Equipping Writers for Success
The Writing Life
The Writing Life
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by Des Nnochiri
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Some freeware developers do it as a hobby, some as a driving passion, others as a testing ground for products they hope will go commercial. Many have a genuine dislike of the mainstream "bloatware" offered by the Big Operating System Companies. You know": Installation programs that run to hundreds of megabytes. Prohibitive pricing. Drop-down menus that go on forever -- and point to tools that you didn't want to use, anyway.
For writers, especially -- whose source of income is varied, and often unsteady -- it's good to know that alternatives exist. Viable ones that you don't have to pay for. I'd like to consider some of them, now.
I'll start with the screenwriters, as they hold a special place in my heart.
This is a word processor, with special settings for Prose, Radio Plays, and Screenplays.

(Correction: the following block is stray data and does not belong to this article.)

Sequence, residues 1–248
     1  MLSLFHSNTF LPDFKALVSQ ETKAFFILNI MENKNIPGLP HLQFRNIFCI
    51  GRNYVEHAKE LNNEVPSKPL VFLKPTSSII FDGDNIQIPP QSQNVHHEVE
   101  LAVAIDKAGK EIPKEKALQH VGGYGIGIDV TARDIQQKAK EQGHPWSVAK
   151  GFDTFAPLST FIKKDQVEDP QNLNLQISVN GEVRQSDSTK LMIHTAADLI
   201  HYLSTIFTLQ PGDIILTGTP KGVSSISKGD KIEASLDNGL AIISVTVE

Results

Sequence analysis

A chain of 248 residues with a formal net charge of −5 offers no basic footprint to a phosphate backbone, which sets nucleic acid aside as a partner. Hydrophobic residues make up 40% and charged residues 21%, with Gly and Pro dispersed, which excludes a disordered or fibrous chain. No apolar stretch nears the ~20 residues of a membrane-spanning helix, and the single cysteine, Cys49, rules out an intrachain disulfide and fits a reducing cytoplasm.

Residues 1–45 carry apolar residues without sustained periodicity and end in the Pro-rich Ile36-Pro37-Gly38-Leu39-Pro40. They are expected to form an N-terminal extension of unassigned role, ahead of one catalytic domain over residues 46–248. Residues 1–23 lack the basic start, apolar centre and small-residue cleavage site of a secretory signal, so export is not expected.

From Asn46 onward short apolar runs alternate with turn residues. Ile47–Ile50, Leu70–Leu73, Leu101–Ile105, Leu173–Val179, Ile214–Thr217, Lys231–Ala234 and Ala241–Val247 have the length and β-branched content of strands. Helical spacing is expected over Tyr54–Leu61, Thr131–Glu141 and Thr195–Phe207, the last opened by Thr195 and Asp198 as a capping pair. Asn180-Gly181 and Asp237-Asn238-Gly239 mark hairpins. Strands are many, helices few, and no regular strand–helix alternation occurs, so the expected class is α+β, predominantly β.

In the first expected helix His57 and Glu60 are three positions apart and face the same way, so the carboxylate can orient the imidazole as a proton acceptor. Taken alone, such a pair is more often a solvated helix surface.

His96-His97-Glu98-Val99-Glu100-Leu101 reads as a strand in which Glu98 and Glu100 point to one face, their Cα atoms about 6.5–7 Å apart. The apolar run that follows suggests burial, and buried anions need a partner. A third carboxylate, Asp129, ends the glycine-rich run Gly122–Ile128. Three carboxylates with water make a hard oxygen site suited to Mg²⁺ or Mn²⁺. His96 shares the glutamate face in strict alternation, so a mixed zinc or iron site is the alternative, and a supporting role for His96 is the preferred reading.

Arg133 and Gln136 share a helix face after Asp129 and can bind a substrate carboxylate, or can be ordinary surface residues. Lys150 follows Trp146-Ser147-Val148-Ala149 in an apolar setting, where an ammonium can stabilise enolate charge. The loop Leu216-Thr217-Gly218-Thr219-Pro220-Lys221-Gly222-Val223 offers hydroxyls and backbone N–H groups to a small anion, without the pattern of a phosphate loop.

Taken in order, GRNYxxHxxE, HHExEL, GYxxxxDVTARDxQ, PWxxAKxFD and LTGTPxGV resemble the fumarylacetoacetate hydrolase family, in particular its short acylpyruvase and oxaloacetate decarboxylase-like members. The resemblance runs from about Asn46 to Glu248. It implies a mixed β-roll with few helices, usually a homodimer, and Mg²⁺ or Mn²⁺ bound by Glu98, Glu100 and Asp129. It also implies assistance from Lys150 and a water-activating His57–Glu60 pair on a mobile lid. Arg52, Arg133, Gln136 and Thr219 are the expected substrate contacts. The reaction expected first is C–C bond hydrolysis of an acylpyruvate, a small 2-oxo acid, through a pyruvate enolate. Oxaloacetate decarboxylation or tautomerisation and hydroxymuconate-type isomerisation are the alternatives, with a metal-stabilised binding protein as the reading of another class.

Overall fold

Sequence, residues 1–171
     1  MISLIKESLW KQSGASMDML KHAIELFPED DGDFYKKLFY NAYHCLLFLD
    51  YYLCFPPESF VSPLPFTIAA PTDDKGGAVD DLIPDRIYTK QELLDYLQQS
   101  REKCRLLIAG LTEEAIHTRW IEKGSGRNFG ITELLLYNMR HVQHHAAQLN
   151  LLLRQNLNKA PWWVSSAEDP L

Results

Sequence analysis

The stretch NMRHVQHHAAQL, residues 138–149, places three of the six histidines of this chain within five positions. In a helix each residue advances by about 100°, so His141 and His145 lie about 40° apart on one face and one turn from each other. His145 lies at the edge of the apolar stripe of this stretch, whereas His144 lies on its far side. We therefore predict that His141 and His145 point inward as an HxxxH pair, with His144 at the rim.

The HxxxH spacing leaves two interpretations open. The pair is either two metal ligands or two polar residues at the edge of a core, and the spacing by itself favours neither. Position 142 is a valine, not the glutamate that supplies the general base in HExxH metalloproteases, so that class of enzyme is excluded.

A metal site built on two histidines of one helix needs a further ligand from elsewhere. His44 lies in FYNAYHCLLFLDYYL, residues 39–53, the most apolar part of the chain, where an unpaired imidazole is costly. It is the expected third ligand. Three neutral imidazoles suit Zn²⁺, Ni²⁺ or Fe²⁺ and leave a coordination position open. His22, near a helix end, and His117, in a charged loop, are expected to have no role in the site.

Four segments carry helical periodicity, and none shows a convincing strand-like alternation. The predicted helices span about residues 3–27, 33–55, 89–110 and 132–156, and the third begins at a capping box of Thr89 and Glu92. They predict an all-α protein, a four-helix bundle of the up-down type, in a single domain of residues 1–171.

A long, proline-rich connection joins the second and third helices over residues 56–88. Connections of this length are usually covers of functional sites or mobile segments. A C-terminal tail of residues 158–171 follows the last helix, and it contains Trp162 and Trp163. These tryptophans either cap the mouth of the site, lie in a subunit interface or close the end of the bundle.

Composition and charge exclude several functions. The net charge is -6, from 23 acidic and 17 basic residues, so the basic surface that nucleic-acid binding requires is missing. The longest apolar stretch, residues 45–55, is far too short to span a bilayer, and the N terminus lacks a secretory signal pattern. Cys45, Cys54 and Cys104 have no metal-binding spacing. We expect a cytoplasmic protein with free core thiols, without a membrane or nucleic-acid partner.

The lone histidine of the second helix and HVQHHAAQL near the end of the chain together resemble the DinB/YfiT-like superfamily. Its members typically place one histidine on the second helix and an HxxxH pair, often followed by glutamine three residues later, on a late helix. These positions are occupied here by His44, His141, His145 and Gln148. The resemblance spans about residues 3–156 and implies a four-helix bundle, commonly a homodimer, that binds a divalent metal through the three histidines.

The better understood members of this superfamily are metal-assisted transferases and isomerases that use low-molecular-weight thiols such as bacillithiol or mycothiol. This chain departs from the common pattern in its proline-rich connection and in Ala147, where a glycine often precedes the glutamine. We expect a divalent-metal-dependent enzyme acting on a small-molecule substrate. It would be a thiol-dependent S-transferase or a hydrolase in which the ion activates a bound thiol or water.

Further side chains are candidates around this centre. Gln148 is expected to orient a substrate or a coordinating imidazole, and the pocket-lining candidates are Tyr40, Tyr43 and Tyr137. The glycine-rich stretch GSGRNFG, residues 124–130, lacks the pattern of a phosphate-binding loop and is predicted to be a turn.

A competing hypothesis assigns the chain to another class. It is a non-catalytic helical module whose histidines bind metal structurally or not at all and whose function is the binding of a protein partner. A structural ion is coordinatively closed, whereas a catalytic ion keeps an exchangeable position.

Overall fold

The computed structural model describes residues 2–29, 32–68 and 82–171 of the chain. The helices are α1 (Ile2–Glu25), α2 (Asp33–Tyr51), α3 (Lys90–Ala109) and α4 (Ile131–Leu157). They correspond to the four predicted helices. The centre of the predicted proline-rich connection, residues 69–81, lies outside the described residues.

In Screenplay Mode, formatting is achieved by pre-set tabs: Scene Heading (Slug Line), Character, Dialogue, Transition, or Parenthetical. Just keep hitting the [TAB] key until you get the setting you want, then type in your text. A Status Bar at the bottom of the program window echoes the current tab setting.
Each document you create comes with an associated set of smaller files, including a scratch pad for casual notes, a library of special symbols, and a list of AutoWords. This last can be used to store boilerplate text, such as names of main characters, principal locations -- even DAY and NIGHT. You simply select the word or phrase, right-click on it, and choose "Make AutoWord" from the pop-up menu.
The software monitors words as you type, inserting AutoWords in a similar fashion to the AutoComplete function of your Web browser. You press the [TAB] key to accept, or continue typing, to overwrite the word.
Capitalization of character names is done automatically. The Dialogue tab set is selected by default, if you press [ENTER] at the end of a character name. And, every half hour or so, the program brews a pot of coffee. Well... perhaps not.